I have suggested earlier that the first 1st sg. pronoun was based on
*mVn- "spirit; man" (and much else) (> PIE *me) which was later
supplanted (partially) by derivatives of (ultimately Austronesian)
*aku (which also seems to have been a noun once).
C. Boisson: The Sumerian Pronominal system in a Nostratic Perspective
in: V. Shevoroshkin (ed.) Nostratic, Dene-Caucaian, Austric and
has for the roots of pronouns in the two dialects of Sumerian
1st sg. g~á
2nd sg. za, zé
1st sg. me
2nd sg. ze
He hypothesizes that Emesal was the more archaic of the two dialects
and that it was a woman's language.
That meshes nicely with my suggestion above that the *egHo(H)(m)
(Dolgopolsky: "not a genuine personal pronoun, but a nominal
substitute for the pronoun *mi") word is a later import, e.g. in a
society that was turning patriarchal as a result of immigration or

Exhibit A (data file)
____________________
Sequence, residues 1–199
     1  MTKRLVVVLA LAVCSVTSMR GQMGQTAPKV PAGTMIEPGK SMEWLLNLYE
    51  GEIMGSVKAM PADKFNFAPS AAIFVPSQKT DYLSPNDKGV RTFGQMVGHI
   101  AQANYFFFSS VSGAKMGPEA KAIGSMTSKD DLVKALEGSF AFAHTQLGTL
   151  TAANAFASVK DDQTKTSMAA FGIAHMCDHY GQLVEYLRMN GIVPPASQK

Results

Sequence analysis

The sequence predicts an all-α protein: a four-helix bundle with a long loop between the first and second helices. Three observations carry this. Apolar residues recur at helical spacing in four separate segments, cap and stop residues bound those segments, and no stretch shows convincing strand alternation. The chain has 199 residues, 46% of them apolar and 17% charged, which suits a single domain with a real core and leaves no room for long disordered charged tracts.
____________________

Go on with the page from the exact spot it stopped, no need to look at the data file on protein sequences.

import of new ideas.
As for the idea that pronouns were once nouns or noun phrases, cf.
outside of Japanese Polish Pan, Spanish Usted (< Vuestra Merced),
Potuguese você, Dutch U (< Uwe Genade); one might even argue that
Eng. 'your honour' and German 'Ihro Gnade' are (high register)
pronouns of a very limited social context, similarly to the Japanese
Of the form of the earlier 1st sg., from the same article:
Proto-Kartvelian: *me(n) / *mi
Proto-Uralic: *mE, *minV, *munV
PIE *me:, *me
Proto-Turkic: *män-, *bän-
And one shouldn't forget